A controlled, phased startup of the Integrated Waste Treatment Unit began today after the facility passed a federal inspection.
A view of the interior of the Integrated Waste Treatment Unit.
IDAHO FALLS, Idaho – The Idaho site today initiated the controlled, phased startup of a new waste treatment facility scheduled to begin treating 900,000 gallons of radioactive liquid waste stored in underground tanks at a former Cold War spent nuclear fuel reprocessing facility next month.
Startup of the 53,000-square-foot Integrated Waste Treatment Unit (IWTU) site comes after the facility reached a key DOE milestone that paved the way for operations to begin there. DOE approved Critical Decision-4, the final step within DOE project management practices in which construction of a facility is closed out and the commencement of operations is approved.
Earlier this month, a DOE operational readiness review team made up of subject-matter experts from across the country identified a dozen issues for the cleanup contractor, CH2M-WG Idaho, LLC (CWI), to resolve before the IWTU becomes operational. DOE has approved corrective action plans for those issues, which are now closed. The facility is located at the Idaho Nuclear Technology and Engineering Center (INTEC).
“We’re happy to have this important, new facility up and running so we can prepare to treat this legacy Cold War waste — and meet a regulatory milestone — before it’s safely, permanently disposed. While the review team noted several findings that needed resolution before the facility received its startup authorization to begin processing waste, the group also highlighted some strengths, including health and safety team support and the extensive knowledge of the facility’s operations personnel,” said Jim Cooper, DOE Deputy Manager for the Idaho Cleanup Project.
Mark Lindholm, chief operating officer for CWI, said he is pleased with the review outcome and looks forward to launching the newest waste treatment facility at a DOE site in about a decade.
“Moving from site preparation to startup in five years on a state-of-the-art waste treatment facility such as this one is a true construction achievement,” he said. “Everyone associated with this project has been so dedicated to the mission. I want to thank all of those who have put their hearts and souls into this job.”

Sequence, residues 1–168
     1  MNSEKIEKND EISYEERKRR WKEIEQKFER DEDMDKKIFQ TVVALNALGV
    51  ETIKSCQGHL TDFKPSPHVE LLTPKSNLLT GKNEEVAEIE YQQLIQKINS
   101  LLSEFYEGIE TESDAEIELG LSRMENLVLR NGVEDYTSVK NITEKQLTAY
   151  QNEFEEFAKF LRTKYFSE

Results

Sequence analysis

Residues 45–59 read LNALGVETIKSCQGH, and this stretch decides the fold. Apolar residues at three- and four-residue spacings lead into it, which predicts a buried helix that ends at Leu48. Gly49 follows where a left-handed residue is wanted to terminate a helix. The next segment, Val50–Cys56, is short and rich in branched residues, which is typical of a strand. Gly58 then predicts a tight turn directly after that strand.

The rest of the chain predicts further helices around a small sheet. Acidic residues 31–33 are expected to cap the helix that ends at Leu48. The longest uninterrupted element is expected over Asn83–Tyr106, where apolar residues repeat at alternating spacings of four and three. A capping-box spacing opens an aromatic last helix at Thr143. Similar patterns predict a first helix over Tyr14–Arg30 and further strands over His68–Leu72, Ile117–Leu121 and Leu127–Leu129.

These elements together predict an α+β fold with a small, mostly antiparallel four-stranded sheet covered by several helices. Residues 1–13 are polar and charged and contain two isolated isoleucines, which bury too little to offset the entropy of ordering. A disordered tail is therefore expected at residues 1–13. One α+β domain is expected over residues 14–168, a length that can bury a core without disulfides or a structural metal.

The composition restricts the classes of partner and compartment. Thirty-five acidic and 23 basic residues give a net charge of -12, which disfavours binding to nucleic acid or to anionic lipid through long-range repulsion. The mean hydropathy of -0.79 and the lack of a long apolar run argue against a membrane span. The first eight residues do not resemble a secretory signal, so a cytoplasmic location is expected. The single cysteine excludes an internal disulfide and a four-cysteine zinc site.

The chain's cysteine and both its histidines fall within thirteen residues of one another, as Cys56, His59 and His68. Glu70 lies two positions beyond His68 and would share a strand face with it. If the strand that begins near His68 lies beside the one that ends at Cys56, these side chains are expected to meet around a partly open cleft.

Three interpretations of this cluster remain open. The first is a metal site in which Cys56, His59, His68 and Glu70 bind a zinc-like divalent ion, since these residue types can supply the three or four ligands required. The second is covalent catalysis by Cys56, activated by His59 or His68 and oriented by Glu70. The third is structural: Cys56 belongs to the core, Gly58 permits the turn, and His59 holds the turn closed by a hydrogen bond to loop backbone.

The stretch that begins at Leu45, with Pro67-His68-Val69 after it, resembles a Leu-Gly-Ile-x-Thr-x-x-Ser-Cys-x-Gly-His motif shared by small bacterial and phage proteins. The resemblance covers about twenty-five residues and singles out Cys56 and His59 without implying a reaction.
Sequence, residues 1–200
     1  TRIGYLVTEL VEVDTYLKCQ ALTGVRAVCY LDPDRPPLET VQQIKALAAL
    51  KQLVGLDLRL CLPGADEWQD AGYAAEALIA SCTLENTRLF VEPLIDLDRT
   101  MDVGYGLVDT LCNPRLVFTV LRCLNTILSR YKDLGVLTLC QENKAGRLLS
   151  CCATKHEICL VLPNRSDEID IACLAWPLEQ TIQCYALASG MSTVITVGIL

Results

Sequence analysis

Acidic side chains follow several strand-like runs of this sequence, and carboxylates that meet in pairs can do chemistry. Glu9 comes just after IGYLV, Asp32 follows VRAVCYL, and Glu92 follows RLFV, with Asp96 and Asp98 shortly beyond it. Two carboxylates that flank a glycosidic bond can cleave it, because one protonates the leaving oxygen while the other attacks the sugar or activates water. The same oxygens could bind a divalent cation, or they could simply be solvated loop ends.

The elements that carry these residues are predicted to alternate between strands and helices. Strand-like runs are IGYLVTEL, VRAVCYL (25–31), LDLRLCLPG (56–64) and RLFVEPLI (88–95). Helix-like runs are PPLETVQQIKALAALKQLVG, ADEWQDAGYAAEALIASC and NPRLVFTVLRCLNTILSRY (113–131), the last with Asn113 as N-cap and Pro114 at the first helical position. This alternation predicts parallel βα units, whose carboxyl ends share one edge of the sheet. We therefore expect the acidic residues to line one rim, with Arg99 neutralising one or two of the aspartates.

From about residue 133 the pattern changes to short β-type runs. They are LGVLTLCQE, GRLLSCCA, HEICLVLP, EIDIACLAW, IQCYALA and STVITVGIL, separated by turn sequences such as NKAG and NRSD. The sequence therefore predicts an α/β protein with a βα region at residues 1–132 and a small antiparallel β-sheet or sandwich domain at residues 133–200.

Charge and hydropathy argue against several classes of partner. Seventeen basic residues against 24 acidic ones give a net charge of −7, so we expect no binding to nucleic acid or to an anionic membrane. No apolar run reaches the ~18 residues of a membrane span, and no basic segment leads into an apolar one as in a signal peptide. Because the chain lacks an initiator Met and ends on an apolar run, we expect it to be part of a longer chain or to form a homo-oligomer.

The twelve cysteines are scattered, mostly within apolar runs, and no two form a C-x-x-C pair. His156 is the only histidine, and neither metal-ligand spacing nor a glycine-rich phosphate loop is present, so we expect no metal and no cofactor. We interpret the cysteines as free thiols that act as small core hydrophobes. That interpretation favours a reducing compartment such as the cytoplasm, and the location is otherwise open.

IWTU will use a steam-reforming technology to heat up the liquid waste, essentially drying it, consolidating the solid, granular material, packaging it in stainless steel canisters and storing the containers in concrete vaults at the site. Ultimately, the treated material will be transported to a national geologic repository for permanent disposal.
Any facility emissions generated during the treatment campaign will be filtered through high-efficiency particulate air filters to “scrub” the discharges to ensure compliance with state and federal air quality requirements.
The liquid waste, called “sodium-bearing waste” due to its high sodium content, was generated during the later phases of spent nuclear fuel reprocessing. The INTEC facility reprocessed and recovered more than $1 billion worth of uranium from the 1950s until the early 1990s, returning the uranium to the U.S. stockpile to be used again in research and government production reactors.
Treatment of sodium-bearing waste is scheduled to take approximately seven to eight months to complete, in time to meet a Dec. 31, 2012 regulatory milestone outlined in the 1995 Idaho Settlement Agreement between the state of Idaho, DOE, and the U.S. Navy.
Once the three underground storage tanks containing the waste have been emptied, they — like 11 other previously closed waste tanks — will be thoroughly washed, drained and filled with a concrete grout mixture. A fourth tank that was never used will also be grouted. Eventually, the entire tank farm will be capped.